Movie Review by EDF
Starring: Denis Ménochet, Barry Keoghan, Goda Letkauskaite
Director: Martin Radich
The second movie this year to be named after a city or region in England, NORFOLK is the polar opposite of GRIMSBY.
The story follows an unnamed man (Denis Ménochet) and his boy (Barry Keoghan) who seem to lead an idyllic, if somewhat simple life. They hunt and live off the land. When the man notices that the boy has an eye on a girl (Goda Letkauskaite), the man tells the boy to forget her, she will only be trouble.
One day, the man’s five television sets that he has set on different channels goes on the blink, except for one, where a strange man (Trevor Fox) appears and orders the man to kill everyone in a nearby compound, without any mercy. What follows is a ritual dance of sorts, reminiscent of the scene at the start of Apocalypse Now with Charlie Sheen in the hotel room, but this time as if it was directed by David Lynch.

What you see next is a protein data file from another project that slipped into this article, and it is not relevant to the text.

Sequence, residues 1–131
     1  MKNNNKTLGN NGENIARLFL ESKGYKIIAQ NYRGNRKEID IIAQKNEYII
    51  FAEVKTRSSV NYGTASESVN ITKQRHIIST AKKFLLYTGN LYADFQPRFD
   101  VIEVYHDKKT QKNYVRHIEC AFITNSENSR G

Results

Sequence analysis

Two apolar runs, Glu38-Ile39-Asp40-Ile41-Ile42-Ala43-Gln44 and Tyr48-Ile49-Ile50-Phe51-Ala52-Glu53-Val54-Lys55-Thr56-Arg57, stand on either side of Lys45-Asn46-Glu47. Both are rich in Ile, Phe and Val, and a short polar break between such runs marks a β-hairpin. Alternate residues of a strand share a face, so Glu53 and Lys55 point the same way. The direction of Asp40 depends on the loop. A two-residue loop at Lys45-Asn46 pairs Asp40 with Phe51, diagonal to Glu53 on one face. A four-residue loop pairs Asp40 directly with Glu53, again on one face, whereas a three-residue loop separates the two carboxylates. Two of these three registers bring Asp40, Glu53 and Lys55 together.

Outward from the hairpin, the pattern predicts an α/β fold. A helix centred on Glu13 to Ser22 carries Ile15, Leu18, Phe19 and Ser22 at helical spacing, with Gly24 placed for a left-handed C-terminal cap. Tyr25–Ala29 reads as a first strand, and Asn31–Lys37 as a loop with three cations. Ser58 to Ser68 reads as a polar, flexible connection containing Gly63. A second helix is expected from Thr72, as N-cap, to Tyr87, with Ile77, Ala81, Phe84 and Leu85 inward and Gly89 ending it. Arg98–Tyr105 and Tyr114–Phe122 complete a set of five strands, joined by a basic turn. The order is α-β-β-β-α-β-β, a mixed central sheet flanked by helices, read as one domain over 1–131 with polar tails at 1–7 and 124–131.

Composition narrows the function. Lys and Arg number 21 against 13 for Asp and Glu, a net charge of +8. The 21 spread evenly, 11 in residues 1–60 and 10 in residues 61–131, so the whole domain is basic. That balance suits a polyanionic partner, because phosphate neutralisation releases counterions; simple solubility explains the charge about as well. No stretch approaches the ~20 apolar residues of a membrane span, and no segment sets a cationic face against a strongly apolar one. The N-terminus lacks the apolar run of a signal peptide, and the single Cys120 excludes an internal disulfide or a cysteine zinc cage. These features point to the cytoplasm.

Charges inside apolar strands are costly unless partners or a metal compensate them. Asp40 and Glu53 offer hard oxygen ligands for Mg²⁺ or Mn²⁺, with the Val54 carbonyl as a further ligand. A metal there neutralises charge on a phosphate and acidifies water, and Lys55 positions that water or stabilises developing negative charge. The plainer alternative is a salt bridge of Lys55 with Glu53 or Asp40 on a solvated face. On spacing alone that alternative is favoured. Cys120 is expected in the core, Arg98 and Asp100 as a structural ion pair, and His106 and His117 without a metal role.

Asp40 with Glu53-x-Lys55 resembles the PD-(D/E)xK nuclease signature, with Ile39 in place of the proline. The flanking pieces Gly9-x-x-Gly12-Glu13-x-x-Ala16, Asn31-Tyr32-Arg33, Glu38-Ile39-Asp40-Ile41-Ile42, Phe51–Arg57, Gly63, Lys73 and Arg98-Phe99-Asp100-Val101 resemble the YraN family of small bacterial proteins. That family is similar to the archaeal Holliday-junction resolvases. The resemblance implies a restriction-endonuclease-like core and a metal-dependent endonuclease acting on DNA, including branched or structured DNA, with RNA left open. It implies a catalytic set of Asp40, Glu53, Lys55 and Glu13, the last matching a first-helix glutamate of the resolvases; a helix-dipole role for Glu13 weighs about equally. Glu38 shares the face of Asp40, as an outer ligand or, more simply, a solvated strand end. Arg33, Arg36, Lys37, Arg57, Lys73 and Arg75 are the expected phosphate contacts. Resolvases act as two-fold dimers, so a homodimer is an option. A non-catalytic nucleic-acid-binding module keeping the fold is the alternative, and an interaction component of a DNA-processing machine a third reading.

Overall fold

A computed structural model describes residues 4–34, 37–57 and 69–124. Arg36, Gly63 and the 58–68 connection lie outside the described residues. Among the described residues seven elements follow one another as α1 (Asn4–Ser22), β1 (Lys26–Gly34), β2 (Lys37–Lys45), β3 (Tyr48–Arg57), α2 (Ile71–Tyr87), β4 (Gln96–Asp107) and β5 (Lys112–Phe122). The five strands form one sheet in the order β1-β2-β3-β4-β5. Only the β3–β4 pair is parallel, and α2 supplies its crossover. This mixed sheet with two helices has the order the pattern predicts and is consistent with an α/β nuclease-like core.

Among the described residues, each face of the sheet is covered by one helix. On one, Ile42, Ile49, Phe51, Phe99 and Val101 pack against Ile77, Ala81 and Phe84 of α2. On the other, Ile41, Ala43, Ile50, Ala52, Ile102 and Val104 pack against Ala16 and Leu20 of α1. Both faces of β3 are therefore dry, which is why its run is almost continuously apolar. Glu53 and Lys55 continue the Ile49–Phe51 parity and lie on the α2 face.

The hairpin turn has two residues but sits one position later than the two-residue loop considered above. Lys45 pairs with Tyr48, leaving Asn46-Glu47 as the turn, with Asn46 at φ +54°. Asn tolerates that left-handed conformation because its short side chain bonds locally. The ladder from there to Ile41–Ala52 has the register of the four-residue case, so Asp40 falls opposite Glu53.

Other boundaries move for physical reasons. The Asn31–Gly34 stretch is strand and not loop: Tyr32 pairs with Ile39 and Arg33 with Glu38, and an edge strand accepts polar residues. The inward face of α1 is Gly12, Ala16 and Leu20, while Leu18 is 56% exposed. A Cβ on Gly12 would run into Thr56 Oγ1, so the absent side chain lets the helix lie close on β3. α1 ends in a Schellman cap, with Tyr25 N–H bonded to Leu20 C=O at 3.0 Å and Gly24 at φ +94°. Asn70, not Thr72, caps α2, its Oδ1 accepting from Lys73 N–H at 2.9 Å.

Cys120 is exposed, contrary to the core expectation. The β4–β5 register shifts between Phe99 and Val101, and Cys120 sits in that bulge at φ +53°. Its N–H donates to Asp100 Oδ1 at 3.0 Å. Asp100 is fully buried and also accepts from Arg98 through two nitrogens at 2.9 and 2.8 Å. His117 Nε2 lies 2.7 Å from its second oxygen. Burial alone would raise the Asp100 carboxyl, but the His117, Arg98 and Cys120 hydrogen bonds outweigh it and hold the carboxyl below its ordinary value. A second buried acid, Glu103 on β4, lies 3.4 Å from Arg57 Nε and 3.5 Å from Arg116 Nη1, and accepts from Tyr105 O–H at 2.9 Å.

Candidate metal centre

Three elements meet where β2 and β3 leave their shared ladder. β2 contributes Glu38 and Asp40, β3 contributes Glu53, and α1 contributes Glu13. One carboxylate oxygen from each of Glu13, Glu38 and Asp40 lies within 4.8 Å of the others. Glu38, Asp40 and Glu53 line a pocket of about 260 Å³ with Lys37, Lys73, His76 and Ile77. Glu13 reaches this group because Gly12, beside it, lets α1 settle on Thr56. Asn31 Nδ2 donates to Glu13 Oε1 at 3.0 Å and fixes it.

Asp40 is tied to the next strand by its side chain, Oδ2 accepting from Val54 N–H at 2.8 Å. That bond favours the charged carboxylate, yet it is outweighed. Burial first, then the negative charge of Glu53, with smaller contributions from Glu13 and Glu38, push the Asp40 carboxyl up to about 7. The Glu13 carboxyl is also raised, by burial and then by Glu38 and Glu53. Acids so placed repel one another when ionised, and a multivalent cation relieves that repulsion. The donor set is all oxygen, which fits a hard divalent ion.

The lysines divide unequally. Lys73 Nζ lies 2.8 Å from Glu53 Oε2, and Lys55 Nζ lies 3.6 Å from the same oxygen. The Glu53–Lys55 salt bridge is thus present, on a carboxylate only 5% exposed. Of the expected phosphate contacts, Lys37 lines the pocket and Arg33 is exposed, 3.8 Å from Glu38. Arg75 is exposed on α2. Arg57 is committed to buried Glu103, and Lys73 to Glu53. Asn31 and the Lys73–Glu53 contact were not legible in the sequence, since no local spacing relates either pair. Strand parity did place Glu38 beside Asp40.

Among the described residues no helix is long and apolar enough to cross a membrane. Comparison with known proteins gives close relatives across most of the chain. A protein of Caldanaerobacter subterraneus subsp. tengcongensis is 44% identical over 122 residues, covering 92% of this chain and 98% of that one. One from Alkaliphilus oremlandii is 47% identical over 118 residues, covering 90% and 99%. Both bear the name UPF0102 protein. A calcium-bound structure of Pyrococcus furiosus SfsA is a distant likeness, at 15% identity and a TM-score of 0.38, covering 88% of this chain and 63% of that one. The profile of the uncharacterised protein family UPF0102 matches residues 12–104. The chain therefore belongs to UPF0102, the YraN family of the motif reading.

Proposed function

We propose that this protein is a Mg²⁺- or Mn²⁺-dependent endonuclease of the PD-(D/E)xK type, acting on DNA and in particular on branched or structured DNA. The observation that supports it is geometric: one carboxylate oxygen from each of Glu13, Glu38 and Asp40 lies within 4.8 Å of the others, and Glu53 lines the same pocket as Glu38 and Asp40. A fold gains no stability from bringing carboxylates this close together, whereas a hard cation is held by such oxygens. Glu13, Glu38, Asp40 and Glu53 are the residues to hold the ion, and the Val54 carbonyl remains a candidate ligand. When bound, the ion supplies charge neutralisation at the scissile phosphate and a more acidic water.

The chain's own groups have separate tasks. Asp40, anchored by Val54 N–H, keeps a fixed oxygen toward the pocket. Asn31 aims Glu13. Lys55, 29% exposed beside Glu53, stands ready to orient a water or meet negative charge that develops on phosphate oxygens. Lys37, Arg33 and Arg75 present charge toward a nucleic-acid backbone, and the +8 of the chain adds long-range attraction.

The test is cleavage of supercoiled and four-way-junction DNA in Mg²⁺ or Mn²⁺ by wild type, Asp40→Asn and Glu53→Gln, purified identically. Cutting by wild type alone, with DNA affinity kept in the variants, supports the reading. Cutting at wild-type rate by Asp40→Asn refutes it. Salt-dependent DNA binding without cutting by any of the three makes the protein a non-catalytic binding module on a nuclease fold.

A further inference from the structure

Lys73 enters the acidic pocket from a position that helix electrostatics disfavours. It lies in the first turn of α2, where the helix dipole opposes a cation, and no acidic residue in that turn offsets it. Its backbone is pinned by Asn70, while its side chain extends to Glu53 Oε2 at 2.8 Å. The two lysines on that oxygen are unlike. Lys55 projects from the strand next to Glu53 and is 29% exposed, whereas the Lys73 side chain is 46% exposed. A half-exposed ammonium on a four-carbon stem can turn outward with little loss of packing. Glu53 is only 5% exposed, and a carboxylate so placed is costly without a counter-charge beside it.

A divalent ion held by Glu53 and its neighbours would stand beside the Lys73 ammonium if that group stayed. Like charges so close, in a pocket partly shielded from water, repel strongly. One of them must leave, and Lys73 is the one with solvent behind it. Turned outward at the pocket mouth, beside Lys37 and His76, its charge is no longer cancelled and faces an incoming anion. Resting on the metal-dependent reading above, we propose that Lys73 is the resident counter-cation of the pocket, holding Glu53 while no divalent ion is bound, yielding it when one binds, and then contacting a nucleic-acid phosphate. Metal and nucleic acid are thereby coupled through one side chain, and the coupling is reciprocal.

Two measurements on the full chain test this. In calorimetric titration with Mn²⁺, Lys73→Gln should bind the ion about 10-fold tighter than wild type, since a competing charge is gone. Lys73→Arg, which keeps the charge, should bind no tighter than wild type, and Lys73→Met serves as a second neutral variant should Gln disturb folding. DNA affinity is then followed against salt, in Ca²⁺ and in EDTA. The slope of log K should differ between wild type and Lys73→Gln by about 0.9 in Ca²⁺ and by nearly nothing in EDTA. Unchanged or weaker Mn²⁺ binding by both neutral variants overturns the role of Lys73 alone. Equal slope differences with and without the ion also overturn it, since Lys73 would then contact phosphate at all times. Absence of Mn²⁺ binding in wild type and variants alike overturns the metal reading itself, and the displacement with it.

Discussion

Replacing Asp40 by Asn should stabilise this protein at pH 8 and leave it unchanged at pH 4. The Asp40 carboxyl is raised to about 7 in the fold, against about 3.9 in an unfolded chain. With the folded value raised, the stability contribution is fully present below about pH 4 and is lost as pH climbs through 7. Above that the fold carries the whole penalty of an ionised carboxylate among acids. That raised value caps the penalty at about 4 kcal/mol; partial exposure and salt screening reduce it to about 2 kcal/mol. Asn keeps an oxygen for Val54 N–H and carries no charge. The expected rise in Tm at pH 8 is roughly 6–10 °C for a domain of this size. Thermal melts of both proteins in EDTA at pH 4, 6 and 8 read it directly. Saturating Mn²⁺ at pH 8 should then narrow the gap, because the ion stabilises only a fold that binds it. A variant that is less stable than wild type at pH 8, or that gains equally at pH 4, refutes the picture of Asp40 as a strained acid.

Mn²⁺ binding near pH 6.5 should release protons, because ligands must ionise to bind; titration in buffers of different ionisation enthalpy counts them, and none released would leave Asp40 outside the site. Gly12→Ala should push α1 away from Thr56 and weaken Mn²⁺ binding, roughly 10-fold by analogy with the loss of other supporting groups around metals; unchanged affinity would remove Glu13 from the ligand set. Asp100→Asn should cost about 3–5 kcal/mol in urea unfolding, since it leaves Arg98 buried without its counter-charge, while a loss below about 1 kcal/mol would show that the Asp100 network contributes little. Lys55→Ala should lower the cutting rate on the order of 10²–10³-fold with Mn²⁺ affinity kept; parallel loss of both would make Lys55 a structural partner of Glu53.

In the meantime, the boy spots an old couple (Sean Buckley and Eileen Davis) passing by on a water barge, staring at him. They plan to take the boy away from the man. One night, the boy is drawn to explosions coming from the nearby complex. The boy is upset with what his father had done because living in the complex was the girl, which the boy believes to have perished. The boy packs his bags and leaves. Unknown to the boy, the old man has a rifle pointed at him from up in the hills.
This is a slow, brooding movie that fails to engage during its 90 minute running time. Scenes where happy gospel music is being played on a radio feel out of place. There is not much dialogue and what dialogue there is, for the most part is uninteresting and meandering. Characters go through their daily lives either emotionless or cursing. There is scarcely any plot to speak of and not much else going on to draw you into the movie.